The Cannes festival has launched an extraordinary attack on a producer’s "ridiculous" legal bid to block the world premiere of Terry Gilliam’s latest film – due to close the Riviera extravaganza next month.
Said to be the most cursed film in cinema history, The Man Who Killed Don Quixote was finally due to be screened on May 19 at the closing event of this year’s festival.
However, the Monty Python director’s ill-fated project – which was 20 years in the making – hit yet another last-minute snag last week when lawyers for producer Paolo Branco mounted a legal challenge to block the screening.
Branco claims that the film, with Star Wars actor Adam Driver and Jonathan Pryce, is "illegal" and that his Alfama Films rather than Gilliam owns the rights to it. The legal challenge will be considered at an urgent hearing next Monday, May 7, the day before the festival opens.
However, in a furious missive, Cannes president Pierre Lescure and general delegate, Thierry Frémaux, said they would not bow to “intimidation”.
While they promised to respect the court ruling, the pair said: “We stand squarely on the side of filmmakers and in particular on the side of Terry Gilliam.
“We know how important this project, which has gone through so many trials and tribulations, is to him,” they went on. “The trouble was caused on this last occasion by the actions of a producer who has shown his true colours once and for all during this episode and who has threatened us, via his lawyer, with a ‘humiliating defeat’.”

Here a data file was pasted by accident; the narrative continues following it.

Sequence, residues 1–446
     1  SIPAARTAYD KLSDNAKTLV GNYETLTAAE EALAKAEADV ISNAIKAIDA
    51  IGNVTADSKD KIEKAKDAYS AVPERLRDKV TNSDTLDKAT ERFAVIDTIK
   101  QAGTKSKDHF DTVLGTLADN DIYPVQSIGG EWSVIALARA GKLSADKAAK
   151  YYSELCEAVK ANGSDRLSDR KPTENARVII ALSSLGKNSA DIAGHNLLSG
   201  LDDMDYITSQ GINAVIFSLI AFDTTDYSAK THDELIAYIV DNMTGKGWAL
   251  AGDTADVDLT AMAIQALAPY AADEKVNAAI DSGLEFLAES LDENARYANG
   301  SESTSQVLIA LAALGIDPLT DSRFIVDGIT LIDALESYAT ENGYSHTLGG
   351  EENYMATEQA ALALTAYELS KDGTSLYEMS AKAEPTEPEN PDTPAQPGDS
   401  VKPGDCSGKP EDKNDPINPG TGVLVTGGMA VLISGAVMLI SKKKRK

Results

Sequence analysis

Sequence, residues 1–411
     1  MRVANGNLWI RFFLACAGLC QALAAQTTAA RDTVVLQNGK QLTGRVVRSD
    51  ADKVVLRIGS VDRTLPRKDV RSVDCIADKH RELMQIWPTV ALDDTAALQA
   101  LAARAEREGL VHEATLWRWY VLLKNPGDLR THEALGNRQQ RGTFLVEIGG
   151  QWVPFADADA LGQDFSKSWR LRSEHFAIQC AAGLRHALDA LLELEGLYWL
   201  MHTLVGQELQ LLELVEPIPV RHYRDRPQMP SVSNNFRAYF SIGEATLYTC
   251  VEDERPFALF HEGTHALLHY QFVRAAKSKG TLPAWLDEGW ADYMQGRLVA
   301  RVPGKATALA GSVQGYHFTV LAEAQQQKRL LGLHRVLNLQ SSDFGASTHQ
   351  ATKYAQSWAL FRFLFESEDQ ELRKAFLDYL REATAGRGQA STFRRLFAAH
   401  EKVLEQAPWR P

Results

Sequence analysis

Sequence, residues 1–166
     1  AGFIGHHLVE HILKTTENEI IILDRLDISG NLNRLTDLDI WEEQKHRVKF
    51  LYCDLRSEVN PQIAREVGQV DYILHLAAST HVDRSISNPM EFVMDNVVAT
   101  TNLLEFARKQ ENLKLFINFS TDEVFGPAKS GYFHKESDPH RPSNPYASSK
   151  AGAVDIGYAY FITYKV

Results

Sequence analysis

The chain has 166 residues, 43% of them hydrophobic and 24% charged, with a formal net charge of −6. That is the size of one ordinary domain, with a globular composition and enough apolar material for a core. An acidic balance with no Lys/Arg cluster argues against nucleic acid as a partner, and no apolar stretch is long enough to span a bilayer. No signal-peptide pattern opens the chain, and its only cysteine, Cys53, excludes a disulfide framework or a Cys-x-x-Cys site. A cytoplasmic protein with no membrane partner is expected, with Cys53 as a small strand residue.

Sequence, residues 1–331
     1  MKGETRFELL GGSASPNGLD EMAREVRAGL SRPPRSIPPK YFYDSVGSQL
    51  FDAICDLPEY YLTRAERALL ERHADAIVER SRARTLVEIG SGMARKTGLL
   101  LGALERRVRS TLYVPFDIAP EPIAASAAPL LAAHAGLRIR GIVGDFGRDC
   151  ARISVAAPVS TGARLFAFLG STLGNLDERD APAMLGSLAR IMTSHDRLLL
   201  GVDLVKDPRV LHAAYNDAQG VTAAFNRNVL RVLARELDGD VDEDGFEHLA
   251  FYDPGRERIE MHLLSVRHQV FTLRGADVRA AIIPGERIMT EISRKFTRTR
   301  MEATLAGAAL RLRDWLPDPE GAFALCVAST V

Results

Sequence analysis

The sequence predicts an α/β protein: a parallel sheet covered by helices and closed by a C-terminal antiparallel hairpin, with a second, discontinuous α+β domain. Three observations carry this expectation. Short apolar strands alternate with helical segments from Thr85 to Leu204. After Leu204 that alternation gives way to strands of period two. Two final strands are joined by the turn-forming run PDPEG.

“Defeat," they insisted, "would be to succumb to threats.”
The Cannes chiefs said they decided to feature Gilliam’s film in this year’s Official Selection “after careful consideration” and because “when we took our decision, there was no opposition to the screening of the film at the Festival”.
Judges in France and Britain have ruled that the Portuguese producer owns the rights to the film but the American-born director has challenged the French ruling and a Paris appeal court will give its decision in June.
This month, Gilliam claimed that Branco had "nothing to do with the (final) film. His demands are laughable, absurd. He is trying to make as much money as he possibly can from a film he did not produce," he told AFP.
But the producer’s lawyer and son Juan Branco denied this and said the film could only be released if Gilliam reached an agreement with his father.
On Twitter, he wrote that Gilliam and his new producers "knew that law was against them, but they have tried to play a killer poker hand with Thierry Fremaux" by premiering the film at the festival.
"It was a wrong move," he warned.
Gilliam’s disaster-prone attempts to make the film have led to inevitable comparisons with the deluded knight from Miguel de Cervantes’ 17th-century Spanish novel, who duels with windmills.
An earlier version in 1998 backfired terribly when Jean Rochefort, the French actor playing Quixote, fell ill and flash floods washed the entire set away overnight.
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